Tuesday, July 2, 2013

A Short History of US Duplicity

"Because that son-of-a-bitch — First of all, I would expect — I know him well — I am sure he has some more information - I would bet that he has more information that he's saving for the trial. Examples of American war crimes that triggered him into it...It's the way he'd operate. Because he is a despicable bastard." (Oval Office tape, July 27, 1971) - Nobel Peace Prize recipient Henry Kissinger on Daniel Ellsberg

"The illegal we do immediately. The unconstitutional takes a little longer." (from March 10, 1975 Meeting With Turkish Foreign Minister Melih Esenbel in Ankara, Turkey) - Nobel Peace Prize recipient Henry Kissinger (quote courtesy of Wikileaks)

"That’s just tough! We are gonna protect ourselves and we're gonna go on protecting ourselves ‘cause we end up protecting all of you. And let’s not forget that. We'll intervene whenever we decide it's in our national security interest. And if you don't like it, lump it. Get used to it, world! We’re not going to put up with any nonsense." - Duane Clarridge, head of the CIA’s Latin America division in the early 1980s (if you have never before seen a sociopath in action, see the 3-minute clip here)

Regular readers of news will be well aware that an employee of a private US contractor used regularly by US government agencies was recently accused of breaking the law, causing outrage and condemnation on a global scale. This particular case is illuminating in many ways with regard to the behavior of the US government.

Raymond Allen Davis is a former US soldier, CIA contractor and employee (at the time) of the private security contractor XE, formerly Blackwater and later Academi (this latter name - from Plato's Akademia - chosen to reflect a more 'boring' image, according to CEO Ted Wright). On 27th January 2011, Mr. Davis shot and killed two reportedly armed men in Lahore, Pakistan. After he called for help, two colleagues then ran over and killed a third Pakistani man while they were speeding on the wrong side of the road to the rescue.

There are some interesting details about the Lahore case. From articles here and here (emphasis added):

1. On January 27, 2011, Raymond Davis shot dead two Pakistanis on a motorcycle in broad daylight on a busy shopping strip. The egregious incident led to three direct deaths and one indirect one when the widow of one of the shooting victims committed suicide due to her sense of hopelessness in a just trial. She ate rat poison.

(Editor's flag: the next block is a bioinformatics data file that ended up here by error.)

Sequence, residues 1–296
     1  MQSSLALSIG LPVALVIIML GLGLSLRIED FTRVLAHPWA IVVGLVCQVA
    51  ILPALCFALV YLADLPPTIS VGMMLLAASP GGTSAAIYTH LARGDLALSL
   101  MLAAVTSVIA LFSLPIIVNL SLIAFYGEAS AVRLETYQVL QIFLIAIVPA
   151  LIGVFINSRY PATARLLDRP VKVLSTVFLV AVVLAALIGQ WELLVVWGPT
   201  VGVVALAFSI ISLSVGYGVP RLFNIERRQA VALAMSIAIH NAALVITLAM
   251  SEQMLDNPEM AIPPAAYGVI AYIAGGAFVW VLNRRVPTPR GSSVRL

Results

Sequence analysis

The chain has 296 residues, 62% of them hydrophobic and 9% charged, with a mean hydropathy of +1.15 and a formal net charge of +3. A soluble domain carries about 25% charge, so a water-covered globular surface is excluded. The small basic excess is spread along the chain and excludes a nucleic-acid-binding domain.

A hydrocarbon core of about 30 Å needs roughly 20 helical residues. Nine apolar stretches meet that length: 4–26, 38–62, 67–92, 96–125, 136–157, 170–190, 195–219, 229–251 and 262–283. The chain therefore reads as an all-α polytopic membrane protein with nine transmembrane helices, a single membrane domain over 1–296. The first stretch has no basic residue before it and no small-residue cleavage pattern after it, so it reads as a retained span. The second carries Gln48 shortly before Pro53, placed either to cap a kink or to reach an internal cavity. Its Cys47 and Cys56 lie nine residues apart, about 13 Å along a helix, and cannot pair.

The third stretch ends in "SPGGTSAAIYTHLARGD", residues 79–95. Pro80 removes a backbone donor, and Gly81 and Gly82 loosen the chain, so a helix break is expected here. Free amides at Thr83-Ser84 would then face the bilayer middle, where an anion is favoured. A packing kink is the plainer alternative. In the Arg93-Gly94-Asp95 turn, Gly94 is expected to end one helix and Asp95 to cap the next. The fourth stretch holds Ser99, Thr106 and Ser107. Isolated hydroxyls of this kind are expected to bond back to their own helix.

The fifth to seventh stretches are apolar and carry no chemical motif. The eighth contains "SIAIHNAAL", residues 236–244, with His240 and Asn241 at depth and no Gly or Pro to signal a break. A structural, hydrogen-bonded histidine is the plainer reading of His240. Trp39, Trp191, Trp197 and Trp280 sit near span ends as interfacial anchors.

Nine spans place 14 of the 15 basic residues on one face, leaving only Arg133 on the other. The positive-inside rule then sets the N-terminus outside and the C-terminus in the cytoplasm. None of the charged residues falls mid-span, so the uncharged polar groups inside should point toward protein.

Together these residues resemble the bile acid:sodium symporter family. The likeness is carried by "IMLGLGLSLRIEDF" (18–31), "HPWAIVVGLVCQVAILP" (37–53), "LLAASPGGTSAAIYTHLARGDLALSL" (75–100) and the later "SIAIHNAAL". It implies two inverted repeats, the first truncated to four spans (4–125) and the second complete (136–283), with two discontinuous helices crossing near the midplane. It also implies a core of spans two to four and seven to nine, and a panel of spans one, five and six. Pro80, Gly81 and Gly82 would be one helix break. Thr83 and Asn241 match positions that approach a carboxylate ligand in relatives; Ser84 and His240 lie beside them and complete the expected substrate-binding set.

So four dead Pakistanis, two definitely innocent, and a CIA agent who was at first reported by the US State Department to be on the consular staff...until it was realized that this would provide weaker immunity and he was 'confirmed' by US officials to be on the embassy staff, and therefore entitled to broad diplomatic immunity.

Interestingly, this immunity is enshrined within the 1961 Vienna Convention on Diplomatic Relations, the very same convention directly violated by the US when it was revealed (by Wikileaks, not our intrepid watchdog press) that Hillary Clinton in July 2009 had ordered US diplomats to spy on senior United Nations officials, including the Secretary General Ban Ki-Moon, in order to obtain passwords, personal encryption keys and even biometric information. The 1961 Convention, which covers the UN, states that 'the official correspondence of the mission shall be inviolable'.

President Obama asked Pakistan not to prosecute Mr. Davis and instead recognize his diplomatic status, quipping: "There's a broader principle at stake that I think we have to uphold."

Indeed. As any reasonably bright schoolkid will explain to you, if you follow or break laws only when it benefits you, you can't complain when doing so sets a precedent (violating the 'broader principle') and hurts you if the roles are reversed later. Like, for example, the principle of allowing free passage to those awarded political asylum (Julian Assange) by a respected sovereign nation (Ecuador). Very obviously, the act of denying Mr. Assange free passage to Ecuador could easily backfire when a hostile nation later decides to apply the same logic against a persecuted citizen with whatever contrived justifications they can pluck out of the air.

[Note: While it is in fact the UK denying free passage to Mr. Assange, history demonstrates that this country will always follow the wishes of the US on matters close to its heart.]